To the Editor.—
The ceramic pathology of the pre-Columbian Americas is always a delight to the students of the history of medicine. The abundance of material and the skill of the artisans, especially of the ancient Andean cultures, contribute to this. The popularity of the exhibit of Dominique D. Verut1 at the recent 15th International Congress of Dermatology in Mexico shows the interest of the dermatologists.I recently acquired a small terracotta head, reportedly from the Mayan culture, 300 to 600 AD, in Guatemala (Figure). The deformity of the nose with its proliferative character and the appearance of the nares suggest the Hebra-type nose of rhinoscleroma.2,3 The pattern is deliberate, so that punitive mutilation of a captive or artifact can be ruled out. The nasal deformities of leishmaniasis in the pottery of the Andean cultures are ulcerative rather than proliferative.4 This holds even with Uta Macho. The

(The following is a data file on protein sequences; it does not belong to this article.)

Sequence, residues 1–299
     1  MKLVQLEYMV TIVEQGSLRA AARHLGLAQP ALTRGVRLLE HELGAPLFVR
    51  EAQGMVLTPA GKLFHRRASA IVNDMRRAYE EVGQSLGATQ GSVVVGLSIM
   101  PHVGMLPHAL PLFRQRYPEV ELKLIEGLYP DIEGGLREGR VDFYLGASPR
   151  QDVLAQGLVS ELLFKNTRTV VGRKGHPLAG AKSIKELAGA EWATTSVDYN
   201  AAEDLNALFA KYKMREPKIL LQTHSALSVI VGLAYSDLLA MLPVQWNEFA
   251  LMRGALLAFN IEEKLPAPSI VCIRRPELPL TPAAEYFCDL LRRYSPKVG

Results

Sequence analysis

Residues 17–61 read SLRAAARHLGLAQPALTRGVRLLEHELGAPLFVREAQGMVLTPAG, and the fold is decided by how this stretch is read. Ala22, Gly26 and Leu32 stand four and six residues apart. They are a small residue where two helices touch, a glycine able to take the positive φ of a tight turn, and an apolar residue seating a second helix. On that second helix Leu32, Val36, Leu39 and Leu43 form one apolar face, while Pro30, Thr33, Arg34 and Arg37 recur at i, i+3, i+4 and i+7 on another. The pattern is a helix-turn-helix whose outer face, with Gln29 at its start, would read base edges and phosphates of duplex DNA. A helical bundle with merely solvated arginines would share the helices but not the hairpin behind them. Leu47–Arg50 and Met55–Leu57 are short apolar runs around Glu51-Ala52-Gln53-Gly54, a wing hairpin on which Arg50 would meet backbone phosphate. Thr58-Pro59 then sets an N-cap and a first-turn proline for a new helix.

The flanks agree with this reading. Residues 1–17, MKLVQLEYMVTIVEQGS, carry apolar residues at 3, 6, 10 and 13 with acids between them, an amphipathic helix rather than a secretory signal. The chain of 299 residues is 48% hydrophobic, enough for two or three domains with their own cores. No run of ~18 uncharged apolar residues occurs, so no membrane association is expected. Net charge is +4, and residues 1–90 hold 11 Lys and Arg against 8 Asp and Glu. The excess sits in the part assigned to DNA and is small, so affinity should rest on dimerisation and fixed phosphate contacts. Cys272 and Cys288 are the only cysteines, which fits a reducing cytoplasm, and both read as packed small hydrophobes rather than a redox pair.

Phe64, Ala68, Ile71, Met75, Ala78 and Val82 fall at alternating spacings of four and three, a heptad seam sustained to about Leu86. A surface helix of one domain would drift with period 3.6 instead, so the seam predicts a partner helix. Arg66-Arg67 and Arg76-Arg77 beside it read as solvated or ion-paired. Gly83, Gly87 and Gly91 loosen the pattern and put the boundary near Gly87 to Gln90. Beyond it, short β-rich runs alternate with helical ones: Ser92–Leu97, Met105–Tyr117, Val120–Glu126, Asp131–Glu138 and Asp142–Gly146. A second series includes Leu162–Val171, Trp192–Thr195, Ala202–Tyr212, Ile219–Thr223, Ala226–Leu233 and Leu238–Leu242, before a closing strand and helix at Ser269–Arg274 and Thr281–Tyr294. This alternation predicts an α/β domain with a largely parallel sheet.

Goldman L. Pre-Columbian Rhinoscleroma. Arch Dermatol. 1979;115(1):106–107. doi:10.1001/archderm.1979.04010010072029
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